AP (July 22, 2014) Sounding alarms about the growing threat of antibiotic resistance, CDC Director Tom Frieden warned Tuesday if the global community does not confront the problem soon, the world will be living in a devastating post-antibiotic era. (July 22) Video provided by AP
Powered by NewsLook.com

Search ScienceDaily

Number of stories in archives: 140,361

Find with keyword(s):
Enter a keyword or phrase to search ScienceDaily for related topics and research stories.

Save/Print:
Share:

Breaking News:
from the past week

In Other News

... from NewsDaily.com

Science News

Health News

Environment News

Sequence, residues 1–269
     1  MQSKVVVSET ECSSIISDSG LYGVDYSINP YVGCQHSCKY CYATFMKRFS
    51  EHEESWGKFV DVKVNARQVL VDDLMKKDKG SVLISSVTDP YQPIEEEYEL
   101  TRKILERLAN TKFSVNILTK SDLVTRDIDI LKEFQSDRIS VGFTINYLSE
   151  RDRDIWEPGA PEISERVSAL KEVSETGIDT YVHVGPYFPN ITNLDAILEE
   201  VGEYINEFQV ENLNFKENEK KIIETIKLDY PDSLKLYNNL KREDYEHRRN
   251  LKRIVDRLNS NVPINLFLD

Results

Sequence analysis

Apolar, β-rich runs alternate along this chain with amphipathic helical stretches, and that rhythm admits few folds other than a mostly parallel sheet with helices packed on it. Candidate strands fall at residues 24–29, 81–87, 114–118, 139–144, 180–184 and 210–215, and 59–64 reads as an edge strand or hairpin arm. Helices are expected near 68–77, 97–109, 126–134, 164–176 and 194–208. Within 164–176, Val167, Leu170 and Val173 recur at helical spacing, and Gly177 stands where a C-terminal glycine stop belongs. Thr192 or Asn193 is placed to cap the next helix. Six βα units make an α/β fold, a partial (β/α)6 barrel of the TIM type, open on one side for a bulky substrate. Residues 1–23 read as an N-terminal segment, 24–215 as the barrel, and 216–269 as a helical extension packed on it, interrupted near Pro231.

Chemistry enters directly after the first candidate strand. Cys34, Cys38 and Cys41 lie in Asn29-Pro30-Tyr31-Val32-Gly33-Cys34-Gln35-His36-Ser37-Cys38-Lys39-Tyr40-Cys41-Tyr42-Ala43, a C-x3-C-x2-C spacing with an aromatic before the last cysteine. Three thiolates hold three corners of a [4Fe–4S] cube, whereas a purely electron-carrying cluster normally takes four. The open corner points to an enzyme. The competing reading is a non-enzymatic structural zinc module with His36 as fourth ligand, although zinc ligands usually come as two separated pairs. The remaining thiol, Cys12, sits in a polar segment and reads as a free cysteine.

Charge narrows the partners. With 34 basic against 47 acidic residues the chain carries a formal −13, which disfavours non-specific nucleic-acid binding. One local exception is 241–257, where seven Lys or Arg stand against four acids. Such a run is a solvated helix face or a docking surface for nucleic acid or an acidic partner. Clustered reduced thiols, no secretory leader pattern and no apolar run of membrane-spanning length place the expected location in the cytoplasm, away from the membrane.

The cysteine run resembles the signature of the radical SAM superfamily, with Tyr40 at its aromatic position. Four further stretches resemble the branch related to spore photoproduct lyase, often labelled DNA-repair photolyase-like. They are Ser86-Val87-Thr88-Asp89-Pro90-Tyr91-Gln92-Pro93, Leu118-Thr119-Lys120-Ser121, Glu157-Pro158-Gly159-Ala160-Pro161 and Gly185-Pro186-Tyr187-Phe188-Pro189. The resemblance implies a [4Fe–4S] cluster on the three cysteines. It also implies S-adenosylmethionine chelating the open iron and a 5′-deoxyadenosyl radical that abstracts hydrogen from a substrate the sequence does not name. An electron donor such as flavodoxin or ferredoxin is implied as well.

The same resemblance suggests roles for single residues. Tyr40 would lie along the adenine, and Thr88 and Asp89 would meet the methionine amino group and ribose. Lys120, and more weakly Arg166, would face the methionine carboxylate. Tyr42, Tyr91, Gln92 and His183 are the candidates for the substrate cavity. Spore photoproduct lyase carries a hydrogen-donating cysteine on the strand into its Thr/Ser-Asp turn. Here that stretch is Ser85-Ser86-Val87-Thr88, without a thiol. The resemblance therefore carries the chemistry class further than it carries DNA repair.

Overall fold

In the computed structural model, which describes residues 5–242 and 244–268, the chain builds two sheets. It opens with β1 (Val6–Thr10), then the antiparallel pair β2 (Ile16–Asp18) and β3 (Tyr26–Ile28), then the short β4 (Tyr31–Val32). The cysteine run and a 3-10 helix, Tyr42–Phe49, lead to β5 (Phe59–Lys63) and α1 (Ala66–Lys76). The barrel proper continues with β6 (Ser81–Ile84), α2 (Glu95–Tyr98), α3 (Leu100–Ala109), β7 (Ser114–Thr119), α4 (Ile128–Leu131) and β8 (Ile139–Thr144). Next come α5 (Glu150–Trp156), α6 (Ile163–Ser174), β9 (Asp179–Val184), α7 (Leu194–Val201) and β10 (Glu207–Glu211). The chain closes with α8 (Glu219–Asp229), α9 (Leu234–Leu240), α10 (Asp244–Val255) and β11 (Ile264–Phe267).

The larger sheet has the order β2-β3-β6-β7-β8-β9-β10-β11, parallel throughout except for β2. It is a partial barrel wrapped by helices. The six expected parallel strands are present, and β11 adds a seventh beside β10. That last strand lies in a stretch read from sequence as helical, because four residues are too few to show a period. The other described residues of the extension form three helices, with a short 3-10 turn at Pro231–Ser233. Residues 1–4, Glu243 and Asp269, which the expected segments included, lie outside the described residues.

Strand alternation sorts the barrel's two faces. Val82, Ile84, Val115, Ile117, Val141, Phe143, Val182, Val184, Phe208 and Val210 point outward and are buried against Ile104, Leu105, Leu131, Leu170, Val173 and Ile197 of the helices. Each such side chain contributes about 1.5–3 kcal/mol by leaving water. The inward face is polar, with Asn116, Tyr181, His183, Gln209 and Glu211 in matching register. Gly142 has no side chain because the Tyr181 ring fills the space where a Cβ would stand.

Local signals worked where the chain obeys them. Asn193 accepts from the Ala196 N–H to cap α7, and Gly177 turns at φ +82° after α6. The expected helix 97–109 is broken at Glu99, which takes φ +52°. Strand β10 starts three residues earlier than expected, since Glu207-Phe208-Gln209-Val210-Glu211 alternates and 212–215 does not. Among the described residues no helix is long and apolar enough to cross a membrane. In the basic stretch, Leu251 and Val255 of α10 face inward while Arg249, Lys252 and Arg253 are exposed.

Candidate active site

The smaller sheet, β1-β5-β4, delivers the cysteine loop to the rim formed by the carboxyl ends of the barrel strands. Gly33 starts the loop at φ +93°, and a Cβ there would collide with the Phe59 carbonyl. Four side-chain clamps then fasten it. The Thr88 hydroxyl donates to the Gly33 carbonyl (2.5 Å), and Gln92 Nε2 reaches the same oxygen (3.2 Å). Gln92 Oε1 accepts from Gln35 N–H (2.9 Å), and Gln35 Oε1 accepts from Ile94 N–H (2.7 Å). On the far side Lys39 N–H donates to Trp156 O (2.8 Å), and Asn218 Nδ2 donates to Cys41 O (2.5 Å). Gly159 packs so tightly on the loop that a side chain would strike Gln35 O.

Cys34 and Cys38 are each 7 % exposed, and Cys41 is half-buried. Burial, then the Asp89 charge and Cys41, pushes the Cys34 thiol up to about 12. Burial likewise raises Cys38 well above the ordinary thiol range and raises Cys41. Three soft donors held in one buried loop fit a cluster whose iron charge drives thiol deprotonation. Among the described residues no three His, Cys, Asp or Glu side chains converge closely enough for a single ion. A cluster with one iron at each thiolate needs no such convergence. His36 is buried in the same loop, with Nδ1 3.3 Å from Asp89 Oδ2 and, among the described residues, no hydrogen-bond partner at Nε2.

Technology News



Save/Print:
Share:

Free Subscriptions


Get the latest science news with ScienceDaily's free email newsletters, updated daily and weekly. Or view hourly updated newsfeeds in your RSS reader:

Get Social & Mobile


Keep up to date with the latest news from ScienceDaily via social networks and mobile apps:

Have Feedback?


Tell us what you think of ScienceDaily -- we welcome both positive and negative comments. Have any problems using the site? Questions?
Mobile: iPhone Android Web
Follow: Facebook Twitter Google+
Subscribe: RSS Feeds Email Newsletters
Latest Headlines Health & Medicine Mind & Brain Space & Time Matter & Energy Computers & Math Plants & Animals Earth & Climate Fossils & Ruins